PART I: IAN THE INTERN: Back Not Broken...Yet

FEATURING: Will break my back-intern (Volunteer) - Ian Horvath

When Lylah and I received an email from Ian back in early November, 2013, we didn't realize the gift that was awaiting us.  I admit it, I was so busy at the time I didn't respond right away.  After reading the email again I said to myself, "What, am I crazy? I've got to contact this guy. Anyone who is willing to break his back is very serious about really working."  And we sure needed some help at the time."

Here is Ian's full email - I think you'll appreciate what I'm saying:


Name: Ian Horvath

Subject: Will Break my back-intern (Volunteer)

Message: Hi Simple Farm!
My name is Ian Horvath and I am strapping young lad looking to do some volunteering on your farm! I have had the farming bug for some time now and I would like to start getting some experience in the field. I very much admire what Simple Farm is doing from raising goats to producing caramels.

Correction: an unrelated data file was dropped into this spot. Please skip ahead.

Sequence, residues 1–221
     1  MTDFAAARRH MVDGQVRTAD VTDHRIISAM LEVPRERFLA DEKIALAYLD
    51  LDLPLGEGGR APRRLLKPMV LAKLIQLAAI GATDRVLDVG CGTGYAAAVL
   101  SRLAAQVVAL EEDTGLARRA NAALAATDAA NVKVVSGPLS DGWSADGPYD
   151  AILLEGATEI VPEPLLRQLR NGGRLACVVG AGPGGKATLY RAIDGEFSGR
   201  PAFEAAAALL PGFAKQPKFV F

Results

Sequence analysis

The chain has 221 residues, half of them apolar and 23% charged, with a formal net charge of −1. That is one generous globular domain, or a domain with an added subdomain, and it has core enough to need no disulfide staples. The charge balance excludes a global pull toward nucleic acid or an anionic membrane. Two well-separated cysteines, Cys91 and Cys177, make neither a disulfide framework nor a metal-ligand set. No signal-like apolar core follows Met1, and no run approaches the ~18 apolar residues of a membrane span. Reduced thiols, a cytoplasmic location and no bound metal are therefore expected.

My life goal is to own a dairy farm, sustaining myself off the land, making use of value added products on the farm. I am an avid home baker, ice-cream-ist, small gardener, and starting to expand my talents into the cheese making world. I would love to volunteer on your farm and be apart of such a great thing.

I do have a Monday-Friday 9-5 job located in the Scottsdale Airpark, but would be willing to pitch in a few hours after work, as well as get out and sweat during the weekends. Please let me know if I can be of service to you, and would enjoy meeting the Simple Farm staff.


There it is.  And since that time - it's been 3 months now - Ian has been a regular here, doing whatever needs to be done. We are so grateful for his devotion and hard work.  We have many awesome volunteers, but we wanted to highlight Ian in this 2 part post.  No, he hasn't literally broken his back, and we hope he never does.  But he does do every kind of work here: from the morning milking of goats before his regular 9-5 job, to real back-breaking work in the evening; steady, faithful, with a joyful attitude.  He's the kind of intern every farm needs and every farmer longs for. Stay tuned for Part II: IAN THE INTERN: In His Own Words.